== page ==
Ralph Reed's Comeuppance

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Ralph Reed, candidate for the Republican nomination for Lt. Governor of Georgia, surrounded by his family during his concession speech

As a political operative Ralph Reed had a golden touch. Four years ago in Georgia, as chair of the Republican Party, he orchestrated the first GOP sweep of state government in 100 years, helping to knock out an incumbent U.S. Senator in the process. In his heyday, as head of the national Christian Coalition, he solidified conservative family values into a formidable voting bloc that helped Republicans take over Congress in 1994, and along the way consulted with half a dozen presidential candidates.

But as a candidate for public office himself, in this year's race for Georgia Lieutenant Governor, Reed's squeaky clean, boy-next-door image came back to haunt him. After he started out a year ago with a huge lead in both the polls and fundraising over his relatively unknown opponent, Reed's connection to the Jack Abramoff congressional lobbying scandal unmasked the candidate who built his career on the issue of values as one who apparently had his own questionable values. And so it was that Tuesday Reed lost both his party and his religious conservative base in a humbling Republican primary defeat, losing by nearly 20 points to Casey Cagle, a state senator from Hall County.

"In a word, it was Abramoff," says Emory University political scientist Alan Abramowitz. "This finishes Reed as a candidate for public office. He might be able to go back to working behind the scenes or in connection with some lobbying organization."

Even though his image, fundraising and lead in the polls slowly unraveled over the past several months, pundits still thought the 45-year-old Georgia native had a chance to make it a close race. But when the disappointing results from suburban Cobb County, a crucial conservative Republican stronghold for Reed, came in less than three hours after the polls closed, Reed conceded, already facing a 56% to 44% deficit with less than half the precincts counted.

In the end, voters punished Reed for the same kind of duplicitious political behavior he used to build campaigns against. As revelations from the Abramoff case slowly leaked out, it appeared that as a lobbyist and consultant, Reed had urged his base to fight tribal casino gambling and state lotteries with the help of $5 million from competing gaming interests in four southern states. "I would have voted for Reed, but it really bothered me that he took that money for casinos. I gave Cagle a chance," said Mike Craig, 46, a voter in Cobb County.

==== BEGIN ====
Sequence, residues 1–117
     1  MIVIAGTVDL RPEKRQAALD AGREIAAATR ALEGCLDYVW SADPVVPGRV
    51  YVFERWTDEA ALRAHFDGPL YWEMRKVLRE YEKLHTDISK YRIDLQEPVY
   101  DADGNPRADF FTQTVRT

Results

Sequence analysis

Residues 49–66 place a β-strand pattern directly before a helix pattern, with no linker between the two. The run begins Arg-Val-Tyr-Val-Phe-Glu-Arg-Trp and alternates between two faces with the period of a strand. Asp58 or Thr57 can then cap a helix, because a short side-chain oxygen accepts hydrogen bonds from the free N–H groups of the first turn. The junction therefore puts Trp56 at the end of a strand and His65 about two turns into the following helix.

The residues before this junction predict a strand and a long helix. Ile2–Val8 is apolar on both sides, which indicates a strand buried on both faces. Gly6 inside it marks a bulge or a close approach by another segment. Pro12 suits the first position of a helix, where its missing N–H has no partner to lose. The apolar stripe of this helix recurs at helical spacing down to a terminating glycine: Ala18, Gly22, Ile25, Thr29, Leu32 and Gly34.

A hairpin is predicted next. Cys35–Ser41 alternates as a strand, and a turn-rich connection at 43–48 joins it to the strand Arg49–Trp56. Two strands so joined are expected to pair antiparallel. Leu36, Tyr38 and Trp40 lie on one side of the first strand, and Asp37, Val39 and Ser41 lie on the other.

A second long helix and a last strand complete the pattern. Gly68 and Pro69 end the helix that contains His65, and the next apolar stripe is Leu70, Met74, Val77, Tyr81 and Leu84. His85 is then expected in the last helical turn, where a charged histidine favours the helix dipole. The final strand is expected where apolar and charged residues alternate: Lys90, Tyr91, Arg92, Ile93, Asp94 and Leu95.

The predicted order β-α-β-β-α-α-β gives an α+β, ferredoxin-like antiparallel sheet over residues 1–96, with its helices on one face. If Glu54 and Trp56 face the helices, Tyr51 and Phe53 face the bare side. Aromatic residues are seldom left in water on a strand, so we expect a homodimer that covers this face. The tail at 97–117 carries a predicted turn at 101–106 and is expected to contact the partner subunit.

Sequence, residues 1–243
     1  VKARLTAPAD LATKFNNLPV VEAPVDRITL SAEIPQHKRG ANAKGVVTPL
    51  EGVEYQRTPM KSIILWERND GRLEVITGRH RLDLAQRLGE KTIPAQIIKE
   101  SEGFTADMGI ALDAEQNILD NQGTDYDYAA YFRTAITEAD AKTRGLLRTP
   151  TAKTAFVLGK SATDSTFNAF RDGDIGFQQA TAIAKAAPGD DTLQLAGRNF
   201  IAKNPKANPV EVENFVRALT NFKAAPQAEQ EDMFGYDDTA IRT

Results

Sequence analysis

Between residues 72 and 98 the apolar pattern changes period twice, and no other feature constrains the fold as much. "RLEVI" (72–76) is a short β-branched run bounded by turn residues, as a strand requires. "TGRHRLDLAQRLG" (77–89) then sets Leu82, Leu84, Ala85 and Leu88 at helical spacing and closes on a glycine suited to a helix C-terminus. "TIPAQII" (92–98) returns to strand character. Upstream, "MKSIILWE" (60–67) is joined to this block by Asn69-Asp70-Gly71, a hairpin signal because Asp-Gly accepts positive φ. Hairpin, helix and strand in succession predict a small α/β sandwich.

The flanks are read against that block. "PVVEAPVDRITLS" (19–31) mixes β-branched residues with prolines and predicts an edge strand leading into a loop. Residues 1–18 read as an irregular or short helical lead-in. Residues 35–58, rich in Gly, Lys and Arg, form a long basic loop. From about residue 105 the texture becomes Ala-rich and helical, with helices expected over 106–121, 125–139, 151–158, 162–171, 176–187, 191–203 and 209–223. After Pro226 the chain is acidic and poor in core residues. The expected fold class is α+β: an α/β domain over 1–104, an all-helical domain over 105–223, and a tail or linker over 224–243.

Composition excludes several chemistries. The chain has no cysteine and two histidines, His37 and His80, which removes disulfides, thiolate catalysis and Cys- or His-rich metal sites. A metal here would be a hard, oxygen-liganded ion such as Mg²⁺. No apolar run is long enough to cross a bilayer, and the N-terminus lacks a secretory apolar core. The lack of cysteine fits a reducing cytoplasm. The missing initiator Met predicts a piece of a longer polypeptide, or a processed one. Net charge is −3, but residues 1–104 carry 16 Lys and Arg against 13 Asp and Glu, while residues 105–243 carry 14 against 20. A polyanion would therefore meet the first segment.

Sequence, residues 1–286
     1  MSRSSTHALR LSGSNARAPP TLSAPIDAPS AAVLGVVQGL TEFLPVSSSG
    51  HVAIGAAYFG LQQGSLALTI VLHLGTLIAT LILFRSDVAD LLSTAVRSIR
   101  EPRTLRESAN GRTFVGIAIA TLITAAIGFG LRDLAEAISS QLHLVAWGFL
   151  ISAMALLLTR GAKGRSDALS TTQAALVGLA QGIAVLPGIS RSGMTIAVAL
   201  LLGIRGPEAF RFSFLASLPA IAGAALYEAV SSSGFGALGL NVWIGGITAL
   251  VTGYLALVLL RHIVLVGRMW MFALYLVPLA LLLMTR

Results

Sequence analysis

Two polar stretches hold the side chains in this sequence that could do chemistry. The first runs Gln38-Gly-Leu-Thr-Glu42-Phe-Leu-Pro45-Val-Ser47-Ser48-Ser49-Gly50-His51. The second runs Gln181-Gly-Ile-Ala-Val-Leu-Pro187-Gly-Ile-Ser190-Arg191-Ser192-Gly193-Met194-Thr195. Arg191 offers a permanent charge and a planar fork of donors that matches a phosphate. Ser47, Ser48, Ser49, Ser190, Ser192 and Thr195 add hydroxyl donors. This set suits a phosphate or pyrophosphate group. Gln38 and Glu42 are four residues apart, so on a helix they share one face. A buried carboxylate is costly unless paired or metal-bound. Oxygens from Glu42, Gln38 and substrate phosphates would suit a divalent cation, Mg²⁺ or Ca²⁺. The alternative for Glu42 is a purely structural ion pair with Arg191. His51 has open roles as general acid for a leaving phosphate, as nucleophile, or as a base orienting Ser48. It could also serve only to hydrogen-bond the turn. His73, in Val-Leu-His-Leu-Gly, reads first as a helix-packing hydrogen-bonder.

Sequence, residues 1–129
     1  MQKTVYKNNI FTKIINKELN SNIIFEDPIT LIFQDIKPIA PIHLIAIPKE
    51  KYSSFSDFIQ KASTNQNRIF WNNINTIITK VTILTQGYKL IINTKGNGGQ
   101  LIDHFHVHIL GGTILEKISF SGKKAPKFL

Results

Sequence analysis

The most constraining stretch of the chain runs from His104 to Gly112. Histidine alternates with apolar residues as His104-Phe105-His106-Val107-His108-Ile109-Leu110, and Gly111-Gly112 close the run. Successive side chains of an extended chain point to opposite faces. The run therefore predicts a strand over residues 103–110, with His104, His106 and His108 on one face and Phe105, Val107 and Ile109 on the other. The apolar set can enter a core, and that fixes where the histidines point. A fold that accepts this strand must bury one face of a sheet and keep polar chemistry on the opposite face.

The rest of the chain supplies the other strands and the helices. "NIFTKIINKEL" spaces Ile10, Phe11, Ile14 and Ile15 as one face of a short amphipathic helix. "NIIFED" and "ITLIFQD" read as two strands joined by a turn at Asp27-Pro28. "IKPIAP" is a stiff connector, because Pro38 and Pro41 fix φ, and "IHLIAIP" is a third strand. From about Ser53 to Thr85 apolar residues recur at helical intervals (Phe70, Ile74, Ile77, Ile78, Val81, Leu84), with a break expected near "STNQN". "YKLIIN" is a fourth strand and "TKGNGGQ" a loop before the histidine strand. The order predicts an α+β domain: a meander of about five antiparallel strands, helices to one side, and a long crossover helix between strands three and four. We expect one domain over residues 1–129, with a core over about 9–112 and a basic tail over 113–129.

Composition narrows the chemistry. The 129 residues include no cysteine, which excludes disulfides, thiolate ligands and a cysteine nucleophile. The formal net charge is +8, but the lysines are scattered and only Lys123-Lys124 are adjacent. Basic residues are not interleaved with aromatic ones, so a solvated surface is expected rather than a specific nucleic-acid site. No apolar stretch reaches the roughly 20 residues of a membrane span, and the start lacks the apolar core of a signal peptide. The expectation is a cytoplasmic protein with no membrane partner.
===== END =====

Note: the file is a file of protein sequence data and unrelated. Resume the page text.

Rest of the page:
Reed's evasive, constantly shifting explanations didn't help his cause. Reed first denied he used gambling funds for his lobbying efforts, then stated he didn't know the source of the funds, then said had he known he would not have accepted them, which ran counter to e-mails between him and Abramoff released by the U.S. Senate's Indian Affairs Committee. Then a week before the election, a tribe in Texas filed a federal lawsuit alleging fraud against the pair. In TV ads Reed continued to blame the "liberal media," but for long stretches in the campaign he held no events and did no press interviews. Even a campaign appearance by Rudy Giuliani didn't help.

The Reed faithful — at least what was left of them — thought he had been hung out to dry by his former friends. "I believe there's a real tight network with the Senators," said Stan Coates, 52, of Marietta in Cobb County, referring to the nearly two dozen GOP lawmakers who had publicly urged Reed to step down during the campaign. Referrring to Abramoff, he added: "To be guilty by association, people listen to those lies and hang onto them," said Coates.

As for Reed's future, he's still the owner of the consulting and lobbying firm Century Strategies, though landing work for a political candidate could be tricky this season if Abramoff talks or Reed is called before Congress. But a campaign staffer said that possibility hasn't stopped Reed from trying to line up work. "He's working it. He's working it harder now," said a campaign staffer.

When he conceded defeat, Reed addressed about 100 faithful for only five minutes, and quickly left the hotel ballroom, noting that Election Day was also his 19th wedding anniversary and striking a chord for party unity. "Job number one is to work for Governor [Sonny] Perdue's re-election..." Undaunted by his defeat, Reed still had the audacity to trumpet the same signature issue that had been his undoing. "It was a positive campaign about the issues; about fiscal responsibility, about improving our schools through charter and choice, and about strengthening our values... Stay in the fight, don't retreat and our values will win in November." Even if his values, of course, had already lost in July.